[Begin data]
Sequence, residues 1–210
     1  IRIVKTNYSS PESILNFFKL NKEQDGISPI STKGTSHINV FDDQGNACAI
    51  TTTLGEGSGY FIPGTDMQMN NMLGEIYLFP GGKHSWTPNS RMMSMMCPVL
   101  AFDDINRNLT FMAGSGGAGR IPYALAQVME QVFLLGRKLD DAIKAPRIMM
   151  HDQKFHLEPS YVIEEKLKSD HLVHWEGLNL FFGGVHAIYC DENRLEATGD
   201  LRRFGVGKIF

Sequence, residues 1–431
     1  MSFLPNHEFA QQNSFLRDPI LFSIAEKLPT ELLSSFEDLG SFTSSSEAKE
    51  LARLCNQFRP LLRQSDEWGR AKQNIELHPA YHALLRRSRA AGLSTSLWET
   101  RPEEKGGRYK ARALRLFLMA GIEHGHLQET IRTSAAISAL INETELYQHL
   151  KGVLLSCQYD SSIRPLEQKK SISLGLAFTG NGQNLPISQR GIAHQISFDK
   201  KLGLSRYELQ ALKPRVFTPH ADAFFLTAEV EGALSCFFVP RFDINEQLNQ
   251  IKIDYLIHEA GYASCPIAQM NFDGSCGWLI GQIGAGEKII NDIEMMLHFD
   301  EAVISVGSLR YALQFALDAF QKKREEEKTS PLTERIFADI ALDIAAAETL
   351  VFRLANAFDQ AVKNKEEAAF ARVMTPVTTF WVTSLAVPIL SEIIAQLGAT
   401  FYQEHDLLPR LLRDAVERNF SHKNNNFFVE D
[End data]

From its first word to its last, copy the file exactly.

Sequence, residues 1–210
     1  IRIVKTNYSS PESILNFFKL NKEQDGISPI STKGTSHINV FDDQGNACAI
    51  TTTLGEGSGY FIPGTDMQMN NMLGEIYLFP GGKHSWTPNS RMMSMMCPVL
   101  AFDDINRNLT FMAGSGGAGR IPYALAQVME QVFLLGRKLD DAIKAPRIMM
   151  HDQKFHLEPS YVIEEKLKSD HLVHWEGLNL FFGGVHAIYC DENRLEATGD
   201  LRRFGVGKIF

Sequence, residues 1–431
     1  MSFLPNHEFA QQNSFLRDPI LFSIAEKLPT ELLSSFEDLG SFTSSSEAKE
    51  LARLCNQFRP LLRQSDEWGR AKQNIELHPA YHALLRRSRA AGLSTSLWET
   101  RPEEKGGRYK ARALRLFLMA GIEHGHLQET IRTSAAISAL INETELYQHL
   151  KGVLLSCQYD SSIRPLEQKK SISLGLAFTG NGQNLPISQR GIAHQISFDK
   201  KLGLSRYELQ ALKPRVFTPH ADAFFLTAEV EGALSCFFVP RFDINEQLNQ
   251  IKIDYLIHEA GYASCPIAQM NFDGSCGWLI GQIGAGEKII NDIEMMLHFD
   301  EAVISVGSLR YALQFALDAF QKKREEEKTS PLTERIFADI ALDIAAAETL
   351  VFRLANAFDQ AVKNKEEAAF ARVMTPVTTF WVTSLAVPIL SEIIAQLGAT
   401  FYQEHDLLPR LLRDAVERNF SHKNNNFFVE D